Independent physicians cannot jointly negotiate prices and contracts with health plans. But someone in Massachusetts wants to overturn state and federal antitrust laws so doctors can wring more money out of Blue Cross. Here’s the bill, H00279. Adding insult to injury, the bill purports to be:
An Act to enable the formation of accountable care organizations
Remember – ACOs don’t need relaxed antitrust rules (TIE)
Organized medicine has tried to violate the Sherman Act for years: in the 1990s, the AMA tried to create special physician unions to stand up to health plans. Dozens of physician organizations have been sanctioned by the government for illegally fixing prices without proper financial or clinical integration. One Supreme Court case example is Arizona v. Maricopa County Medical Society, 457 US 332 (1982). See my recent health care antitrust update for more examples.
The Massachusetts bill asserts that health plan concentration has damaged competition. Just opening the most recent issue of Health Affairs brings this assertion into question. Melnick GA, Shen YC, Wu VY. The Increased Concentration of Health Plan Markets Can Benefit Consumers Through Lower Hospital Prices; Laugesen MJ, Glied SA. Higher Fees Paid To US Physicians Drive Higher Spending For Physician Services Compared To Other Countries. (Both studies received grant support from RWJF).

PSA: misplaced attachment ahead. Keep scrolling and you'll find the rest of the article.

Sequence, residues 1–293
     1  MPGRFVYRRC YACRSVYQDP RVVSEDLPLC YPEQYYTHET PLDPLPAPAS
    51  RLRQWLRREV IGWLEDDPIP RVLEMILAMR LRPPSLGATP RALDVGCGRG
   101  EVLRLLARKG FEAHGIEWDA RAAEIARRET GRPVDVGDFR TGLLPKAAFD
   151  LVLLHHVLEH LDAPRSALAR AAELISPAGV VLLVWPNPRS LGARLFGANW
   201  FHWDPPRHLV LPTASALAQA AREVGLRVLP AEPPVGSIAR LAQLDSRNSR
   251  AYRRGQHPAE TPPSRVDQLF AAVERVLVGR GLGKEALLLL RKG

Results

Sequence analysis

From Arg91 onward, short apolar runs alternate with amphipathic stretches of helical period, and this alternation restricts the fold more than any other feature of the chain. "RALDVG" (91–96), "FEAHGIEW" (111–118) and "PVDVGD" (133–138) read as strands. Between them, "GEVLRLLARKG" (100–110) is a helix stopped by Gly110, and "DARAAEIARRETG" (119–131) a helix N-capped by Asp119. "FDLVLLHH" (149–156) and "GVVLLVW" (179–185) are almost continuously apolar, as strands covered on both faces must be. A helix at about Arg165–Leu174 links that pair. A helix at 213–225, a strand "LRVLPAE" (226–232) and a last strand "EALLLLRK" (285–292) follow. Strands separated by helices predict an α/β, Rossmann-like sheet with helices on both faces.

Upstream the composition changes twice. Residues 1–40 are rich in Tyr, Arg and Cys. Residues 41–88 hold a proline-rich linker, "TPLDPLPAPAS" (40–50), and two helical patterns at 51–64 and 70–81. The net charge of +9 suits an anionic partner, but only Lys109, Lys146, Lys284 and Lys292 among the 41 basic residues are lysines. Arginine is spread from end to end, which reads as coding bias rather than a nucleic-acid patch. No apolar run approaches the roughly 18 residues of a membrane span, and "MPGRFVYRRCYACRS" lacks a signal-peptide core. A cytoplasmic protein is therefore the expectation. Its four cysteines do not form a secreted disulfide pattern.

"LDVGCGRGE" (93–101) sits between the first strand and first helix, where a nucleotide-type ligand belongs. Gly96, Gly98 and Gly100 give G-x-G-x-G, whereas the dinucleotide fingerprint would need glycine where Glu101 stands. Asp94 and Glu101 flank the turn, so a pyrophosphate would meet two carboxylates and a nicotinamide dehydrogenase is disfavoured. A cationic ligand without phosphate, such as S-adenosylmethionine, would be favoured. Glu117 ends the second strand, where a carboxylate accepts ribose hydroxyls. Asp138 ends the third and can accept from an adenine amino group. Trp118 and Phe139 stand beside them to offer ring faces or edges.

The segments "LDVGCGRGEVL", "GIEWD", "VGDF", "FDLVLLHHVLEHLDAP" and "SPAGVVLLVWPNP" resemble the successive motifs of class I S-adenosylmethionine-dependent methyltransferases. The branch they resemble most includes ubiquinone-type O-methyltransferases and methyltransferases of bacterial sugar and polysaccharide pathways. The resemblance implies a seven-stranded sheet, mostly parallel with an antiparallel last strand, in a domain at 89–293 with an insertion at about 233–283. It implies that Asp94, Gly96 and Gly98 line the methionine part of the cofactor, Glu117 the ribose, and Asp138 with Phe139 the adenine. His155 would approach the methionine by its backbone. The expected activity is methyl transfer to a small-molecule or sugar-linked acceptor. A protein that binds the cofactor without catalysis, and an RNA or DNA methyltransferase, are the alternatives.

The specific legal tool is the “state action exemption” from antitrust laws. State monopolies in toll roads and sewage services are legal, so long as the State does it directly or supervises it closely.
In H00279, the goal is to let independent physicians jointly negotiate with health plans under the supervision of the Attorney General:
“It is the intention of the General Court [MA legislature] to authorize health care professionals to jointly negotiate with carriers and other purchasers of health care services, and to qualify such joint negotiations and related joint activities for the State-action exemption to the Federal antitrust laws through the articulated State policy and active supervision provided in this act…” (at §2(14)).
The FTC is currently fighting Georgia’s attempt to borrow the state-action exemption without adequate supervision in the Phoebe Putney case at the 11th Circuit. In the proposed MA legislation, the AG is given oversight, but not much discretion to act in the public interest. The deck is stacked against the AG in the bill, giving the physicians an easy litigation route to challenge state supervision.
h/t to my student, Michael Rugnetta, who spotted the bill